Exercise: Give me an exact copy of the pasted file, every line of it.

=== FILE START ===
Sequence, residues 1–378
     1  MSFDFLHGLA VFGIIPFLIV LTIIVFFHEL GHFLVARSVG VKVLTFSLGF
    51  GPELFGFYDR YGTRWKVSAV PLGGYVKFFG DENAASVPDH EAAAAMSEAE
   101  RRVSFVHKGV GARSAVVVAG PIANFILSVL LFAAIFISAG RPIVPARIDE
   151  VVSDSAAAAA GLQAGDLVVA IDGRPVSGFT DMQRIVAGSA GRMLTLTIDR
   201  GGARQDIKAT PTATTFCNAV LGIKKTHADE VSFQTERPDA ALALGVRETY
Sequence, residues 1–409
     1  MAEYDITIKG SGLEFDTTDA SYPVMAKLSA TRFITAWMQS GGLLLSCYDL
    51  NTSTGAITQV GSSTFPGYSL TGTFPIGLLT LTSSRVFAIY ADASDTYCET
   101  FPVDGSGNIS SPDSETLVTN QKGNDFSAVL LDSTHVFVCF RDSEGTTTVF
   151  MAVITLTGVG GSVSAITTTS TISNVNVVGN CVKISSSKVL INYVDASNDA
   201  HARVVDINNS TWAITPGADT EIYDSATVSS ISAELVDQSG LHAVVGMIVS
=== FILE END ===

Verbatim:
Sequence, residues 1–378
     1  MSFDFLHGLA VFGIIPFLIV LTIIVFFHEL GHFLVARSVG VKVLTFSLGF
    51  GPELFGFYDR YGTRWKVSAV PLGGYVKFFG DENAASVPDH EAAAAMSEAE
   101  RRVSFVHKGV GARSAVVVAG PIANFILSVL LFAAIFISAG RPIVPARIDE
   151  VVSDSAAAAA GLQAGDLVVA IDGRPVSGFT DMQRIVAGSA GRMLTLTIDR
   201  GGARQDIKAT PTATTFCNAV LGIKKTHADE VSFQTERPDA ALALGVRETY
Sequence, residues 1–409
     1  MAEYDITIKG SGLEFDTTDA SYPVMAKLSA TRFITAWMQS GGLLLSCYDL
    51  NTSTGAITQV GSSTFPGYSL TGTFPIGLLT LTSSRVFAIY ADASDTYCET
   101  FPVDGSGNIS SPDSETLVTN QKGNDFSAVL LDSTHVFVCF RDSEGTTTVF
   151  MAVITLTGVG GSVSAITTTS TISNVNVVGN CVKISSSKVL INYVDASNDA
   201  HARVVDINNS TWAITPGADT EIYDSATVSS ISAELVDQSG LHAVVGMIVS